This change in access to Ford Library is being made to 1) more closely conform to other Duke libraries requirements for card access; and 2) to address safety concerns raised on behalf of our Duke & Fuqua Library patrons. More details on these concerns are available in this Duke Chronicle article.

While Ford Library, and Fuqua have not seen a rise in problems like those described in the linked article, we want the Ford Library to remain a safe environment for our students. We would also like to remind you that the best way to prevent thefts and similar incidents is to pay attention to your surroundings and not to leave valuables unattended.

If you have questions about this change in access to Ford Library, please email us at; and thanks for your understanding.

Book Review: The Red Market

Monday, January 23rd, 2012

image courtesy

Carney, Scott M. The Red Market: On the trail of the world’s organ brokers, bone thieves, blood farmers and child traffickers. William Morrow, 2011.

The first urban legend that I ever heard was about a bathtub filled with ice and two missing kidneys. In the 40 years since, I have never met anyone who lost their body parts after a night of drinking, even though the demand for them is higher now than at any other time in history.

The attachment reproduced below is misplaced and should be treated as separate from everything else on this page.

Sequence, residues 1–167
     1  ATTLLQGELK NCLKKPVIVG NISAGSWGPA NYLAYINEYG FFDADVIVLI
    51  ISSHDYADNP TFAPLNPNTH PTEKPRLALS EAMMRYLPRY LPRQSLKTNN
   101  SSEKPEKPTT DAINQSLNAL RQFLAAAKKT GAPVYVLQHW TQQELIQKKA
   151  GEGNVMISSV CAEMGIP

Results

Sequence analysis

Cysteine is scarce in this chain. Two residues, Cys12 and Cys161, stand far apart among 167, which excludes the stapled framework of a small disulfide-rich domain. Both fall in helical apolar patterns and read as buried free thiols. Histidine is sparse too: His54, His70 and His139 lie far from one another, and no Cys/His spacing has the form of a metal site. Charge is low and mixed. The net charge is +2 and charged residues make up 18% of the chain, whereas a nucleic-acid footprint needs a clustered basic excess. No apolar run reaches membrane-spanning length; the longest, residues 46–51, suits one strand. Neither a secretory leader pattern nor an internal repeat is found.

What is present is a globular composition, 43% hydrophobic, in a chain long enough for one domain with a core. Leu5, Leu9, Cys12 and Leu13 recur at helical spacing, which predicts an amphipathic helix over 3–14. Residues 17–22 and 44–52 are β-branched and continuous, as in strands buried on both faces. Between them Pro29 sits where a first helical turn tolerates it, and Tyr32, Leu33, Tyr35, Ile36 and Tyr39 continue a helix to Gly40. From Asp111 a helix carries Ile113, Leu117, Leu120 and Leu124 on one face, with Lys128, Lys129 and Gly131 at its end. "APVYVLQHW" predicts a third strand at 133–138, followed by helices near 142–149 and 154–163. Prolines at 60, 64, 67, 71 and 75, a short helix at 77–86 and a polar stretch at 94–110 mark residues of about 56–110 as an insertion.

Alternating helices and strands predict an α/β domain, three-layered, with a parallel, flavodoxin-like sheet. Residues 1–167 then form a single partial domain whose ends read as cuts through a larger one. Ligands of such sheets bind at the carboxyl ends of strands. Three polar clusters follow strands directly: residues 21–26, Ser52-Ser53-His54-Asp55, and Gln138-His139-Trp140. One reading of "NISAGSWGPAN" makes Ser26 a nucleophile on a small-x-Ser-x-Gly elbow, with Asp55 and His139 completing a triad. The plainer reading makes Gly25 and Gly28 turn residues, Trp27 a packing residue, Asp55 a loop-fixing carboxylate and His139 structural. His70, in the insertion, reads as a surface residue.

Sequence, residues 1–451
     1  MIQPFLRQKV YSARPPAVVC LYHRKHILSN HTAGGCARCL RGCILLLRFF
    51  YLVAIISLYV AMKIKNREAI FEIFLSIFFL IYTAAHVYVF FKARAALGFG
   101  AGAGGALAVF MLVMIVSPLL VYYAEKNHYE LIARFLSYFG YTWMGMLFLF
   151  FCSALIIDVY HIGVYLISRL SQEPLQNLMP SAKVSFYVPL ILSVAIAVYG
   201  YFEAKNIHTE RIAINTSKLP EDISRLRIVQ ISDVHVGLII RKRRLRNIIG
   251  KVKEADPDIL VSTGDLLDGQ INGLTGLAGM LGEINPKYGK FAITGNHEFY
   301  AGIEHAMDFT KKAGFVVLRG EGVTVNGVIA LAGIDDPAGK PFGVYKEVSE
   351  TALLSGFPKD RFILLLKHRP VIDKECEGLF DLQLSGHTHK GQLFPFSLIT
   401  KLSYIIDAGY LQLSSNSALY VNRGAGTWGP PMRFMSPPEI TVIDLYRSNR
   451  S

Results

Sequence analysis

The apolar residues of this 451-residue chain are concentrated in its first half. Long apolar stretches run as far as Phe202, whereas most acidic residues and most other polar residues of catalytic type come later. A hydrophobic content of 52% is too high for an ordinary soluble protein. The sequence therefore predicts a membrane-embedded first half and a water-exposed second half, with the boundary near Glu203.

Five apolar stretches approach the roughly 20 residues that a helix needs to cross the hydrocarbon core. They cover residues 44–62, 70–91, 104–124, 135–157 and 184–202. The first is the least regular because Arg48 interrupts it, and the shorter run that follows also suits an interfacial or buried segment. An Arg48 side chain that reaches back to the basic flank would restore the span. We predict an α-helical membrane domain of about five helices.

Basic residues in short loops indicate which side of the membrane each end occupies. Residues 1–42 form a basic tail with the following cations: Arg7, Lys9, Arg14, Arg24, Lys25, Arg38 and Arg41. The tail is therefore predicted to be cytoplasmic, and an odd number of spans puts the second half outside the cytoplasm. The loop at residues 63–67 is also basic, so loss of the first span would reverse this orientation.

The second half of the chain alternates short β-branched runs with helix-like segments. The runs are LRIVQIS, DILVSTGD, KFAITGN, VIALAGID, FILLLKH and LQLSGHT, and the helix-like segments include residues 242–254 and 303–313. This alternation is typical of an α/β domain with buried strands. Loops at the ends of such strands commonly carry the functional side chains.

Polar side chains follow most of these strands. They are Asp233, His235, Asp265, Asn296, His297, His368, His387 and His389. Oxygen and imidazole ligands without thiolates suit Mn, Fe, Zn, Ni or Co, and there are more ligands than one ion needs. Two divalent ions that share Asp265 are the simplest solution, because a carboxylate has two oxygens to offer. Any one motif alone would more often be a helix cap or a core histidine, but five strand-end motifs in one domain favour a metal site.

In his new book, The Red Market, investigative reporter Scott Carney shows that besides kidneys, spare parts in high demand include the heart, liver, ligaments, corneas, plasma, ova, and hair.  Whole bodies are needed for the adoption and medical cadaver industries. Economic markets are used to supply bodies and their parts, which have become commodities that are bought and sold every day.  Billions of dollars of human flesh changes hands each year.

Journalist Carney travels the world as he investigates what has gone wrong with the supply side of the system of body procurement and tissue harvesting. Under this system, donors cannot be paid for their contributions and must remain anonymous for reasons of medical privacy. Yet the recipients pay thousands of dollars for the flesh. The supply chain of middlemen profits handsomely from the exchanges, producing unsavory implications, such as the transfer of health and strength from destitute donors to wealthy recipients.

While the book contains harrowing stories about exploitation of people in third world nations, most of the book is a thoughtful treatment about the ethical issues in the economic exchange of human flesh. If you consider that each human life is precious and equal, then you must conclude that the market is not the best way to allocate health and well-being. This well-written book is engaging and thought provoking to the end.

© Reviewer: Meg Trauner & Ford Library – Fuqua School of Business.
All rights reserved.

New Movies for January

Wednesday, January 18th, 2012

Latest titles are:

Dhobi Ghat
Dolphin Tale
Don’t Be Afraid of the Dark
The First Grader
The Greatest Movie Ever Sold
The Guard
Julia’s Eyes


Kung Fu Panda 2
Life, Above All
Margin Call
Midnight in Paris
Rise of the Planet of the Apes